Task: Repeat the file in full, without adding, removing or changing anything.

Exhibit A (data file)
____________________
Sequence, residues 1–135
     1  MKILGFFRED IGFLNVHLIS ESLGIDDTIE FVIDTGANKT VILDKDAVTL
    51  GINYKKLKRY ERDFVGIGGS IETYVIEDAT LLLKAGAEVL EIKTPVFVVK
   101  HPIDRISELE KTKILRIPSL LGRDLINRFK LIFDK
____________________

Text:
Sequence, residues 1–135
     1  MKILGFFRED IGFLNVHLIS ESLGIDDTIE FVIDTGANKT VILDKDAVTL
    51  GINYKKLKRY ERDFVGIGGS IETYVIEDAT LLLKAGAEVL EIKTPVFVVK
   101  HPIDRISELE KTKILRIPSL LGRDLINRFK LIFDK